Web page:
“I’m sorry, Muhammad…are you talking to me?”
It is spring of 2009. I am sitting at the front of my classroom during lunch, and I’ve just about fallen off my stool.
It have not heard a divine voice from above…rather a human voice from within my classroom. Muhammad Khan, a Junior at Arundel High School and an active member in our Global Citizenship program…has just asked if I would sponsor the founding of a Muslim Student Association.
I’m not a Muslim.
I’m not a student.
I’m a third wave feminist with a Christian background, a glow-in-the-dark Buddha on my desk, and an affectionate irreverence that has me blending religious teachings into a mystical fabric that suits me just fine but tends to confuse everyone else.
I swivel around on my stool with a comical glance behind me, looking for someone else he MIGHT be talking to.
“Are you sure Muhammad? I mean, you know I can get kinda’ sassy.”
I have him think about it for a few days…give him time to doubt the wisdom of including me in this endeavor. He comes back a week later, resolute.
…and this is how I become the sponsor of the Muslim Student Association at Arundel High School.
This is also how I cross the following things off my “It’s a tough Hijab but somebody’s got to do it” Bucket List…
- Learn how to tie a head scarf,
- Research Middle Eastern Migration patterns in the Mid Atlantic,
- Realize Pakistan is NOT in the Middle East
- Learn how and why and when to say “As-Salamu alaykum”
- Visit the Saudi Arabian and Omani Embassies
- Eat Iraqi style crunchy rice and tomato stewed Okra
- Contemplate how to ward of unwelcome Desi proposals
- Learn that marshmallows and Starburst are NOT halal
- Receive a grant for the first Muslim American Student conference in Anne Arundel County, Maryland
Not bad for an irreverent Midwestern Mystic.
This odd journey is made even more ironic because as a comparative religion major at Carleton College, the one religion I could not bring myself to study was Islam. It was all about the women. I inevitably felt this rising anger when I saw women shrouded in burkas, segregated at prayer times, silenced in the public forum.
Righteous indignation feels really good…but makes it hard to meet and befriend new faiths.
I came to understand later that this anger emerged in part as a reaction toward my own (to a much lesser degree) gendered upbringing where God was male and women obeyed their husbands. I also came to understand that what is theological and what is cultural is often so entangled not even practitioners of a faith can sort it all out.
During this past Easter season, my Lenten practice was an attempt to write a 30 minute blog post per day. I called this my reflection in “imperflection.” As I was reading others thoughts about Lent, I was delighted to come across the #Muslims4Lent movement championed by the website Eid.Pray.Love.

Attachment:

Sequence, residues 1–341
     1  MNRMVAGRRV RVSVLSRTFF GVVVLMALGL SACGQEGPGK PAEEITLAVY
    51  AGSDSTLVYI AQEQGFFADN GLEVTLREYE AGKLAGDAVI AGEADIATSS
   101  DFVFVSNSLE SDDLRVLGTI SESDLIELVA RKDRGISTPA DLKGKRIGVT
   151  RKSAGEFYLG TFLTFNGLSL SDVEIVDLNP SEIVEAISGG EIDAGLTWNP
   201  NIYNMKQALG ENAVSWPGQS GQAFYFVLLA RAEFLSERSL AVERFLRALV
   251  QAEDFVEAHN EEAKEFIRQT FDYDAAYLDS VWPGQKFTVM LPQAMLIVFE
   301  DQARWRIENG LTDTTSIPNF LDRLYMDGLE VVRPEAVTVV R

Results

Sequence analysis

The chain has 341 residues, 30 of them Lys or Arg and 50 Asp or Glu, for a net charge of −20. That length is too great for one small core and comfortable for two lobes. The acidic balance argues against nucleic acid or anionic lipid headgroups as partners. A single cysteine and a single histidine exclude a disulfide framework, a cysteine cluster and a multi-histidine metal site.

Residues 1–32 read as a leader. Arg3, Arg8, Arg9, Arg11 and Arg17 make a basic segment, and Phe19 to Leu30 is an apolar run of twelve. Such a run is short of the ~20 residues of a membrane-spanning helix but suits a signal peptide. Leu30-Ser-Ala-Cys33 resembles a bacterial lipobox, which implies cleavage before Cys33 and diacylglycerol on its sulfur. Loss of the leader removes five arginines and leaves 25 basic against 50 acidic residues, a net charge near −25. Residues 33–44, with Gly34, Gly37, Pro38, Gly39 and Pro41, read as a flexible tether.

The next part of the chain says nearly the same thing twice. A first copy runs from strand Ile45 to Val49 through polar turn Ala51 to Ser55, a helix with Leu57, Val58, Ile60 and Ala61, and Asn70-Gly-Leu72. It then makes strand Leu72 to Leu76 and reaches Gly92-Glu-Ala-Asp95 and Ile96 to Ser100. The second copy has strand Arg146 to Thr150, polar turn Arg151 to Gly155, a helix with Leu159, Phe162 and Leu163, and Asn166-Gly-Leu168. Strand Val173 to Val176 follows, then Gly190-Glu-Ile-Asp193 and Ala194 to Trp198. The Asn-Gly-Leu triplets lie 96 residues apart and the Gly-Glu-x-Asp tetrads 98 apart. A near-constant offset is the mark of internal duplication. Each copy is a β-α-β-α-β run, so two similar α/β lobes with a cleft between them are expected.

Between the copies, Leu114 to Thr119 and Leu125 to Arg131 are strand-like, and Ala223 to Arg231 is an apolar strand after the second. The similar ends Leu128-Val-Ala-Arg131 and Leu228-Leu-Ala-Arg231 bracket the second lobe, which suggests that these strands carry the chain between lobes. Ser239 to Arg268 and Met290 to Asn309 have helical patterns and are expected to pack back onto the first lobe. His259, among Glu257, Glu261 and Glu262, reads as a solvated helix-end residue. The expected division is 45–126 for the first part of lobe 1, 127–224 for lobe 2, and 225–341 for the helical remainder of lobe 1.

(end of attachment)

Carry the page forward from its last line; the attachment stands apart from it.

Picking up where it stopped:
I quickly tweeted back the idea of #Christians4Ramadan…
You might think this endeavor would be a natural fit for a woman who meditates to Sufi poetry and has a babysitter who teaches her kids Arabic. But I fear that this “Month of Blessing” as Ramadan is called, will necessitate more than a few sun-up sacrifices on my part.
First and foremost, I might rock an abaya, but I’m not sure I should rock the title “Christian” with equal zeal. I mean, the Unitarians would probably have me. I like to hang (and drink) with the Episcopals. The Jesuit Volunteers have let me pursue Social Justice with their crew. My Catholic husband (and baptized children) don’t give me a hard time…but Christian? Not in the born again bible belt kind of way that would bring my parents peace in their sunset years.
And then there’s the folks I love on the OTHER side of the spectrum. My agnostic and atheist besties. Like my soulmate Meg who (according to us AND a weird Facebook algorithm) I will grow old with once we are both widowed in our 80’s. She is a scientifically minded, ornithology loving, AP environmental science teacher who I’m pretty sure didn’t read that “Religion for Atheists” book I bought her.
This is my Spectrum. Where do I plot #Christian4Ramadan on that line?
For this reason I’m happy to promote other folks less ambivalent and more certifiably Christian than me. Like Francis Ritchie a Methodist minister in Aukland or Jeff Cook, a Colorado pastor who explains definitively why he’s “waging peace” in the month of Ramadan. If you are Christian-ish and looking for a theologically justifiable reason to fast in solidarity with our Muslim brothers and sisters, try this on for size:
“I am not interested in fasting this month for ascetic reasons. I am not converting to Islam. I will embrace the self-sacrificial practices of others around the world because Jesus reminds me that it is those who hunger that will be filled, that the meek alone will inherit the earth, and that those who make peace will be called children of God.”
As far as my aspirations and inspirations for this… I will definitely utilize the time to write and reflect on the many moments that have shaped my soul and psyche. Some of the reflection will be spiritual in nature. Much will be absurdly and authentically (hopefully NOT offensively) secular.
For example, I know for certain I will need to talk about Bacon. I mean….it’s gonna happen.
I don’t have anything like the plan I did for Lent. I can pretty much guarantee things are going to get messy. I’m certain I’m going to fall off the wagon. I’m fearful that the Facebook friends I love on BOTH ends of the belief spectrum will unfollow me because of the patchwork quilt of cognitive dissonance that keeps me warm at night…but others want to throw in the wash or throw out altogether.
Despite these anxieties. This is one of those moments I’m taking on faith.
You looking at me Muhammad?
Allah (and Jesus and Buddha and Missouri) be merciful.
That goes for the rest of you, too.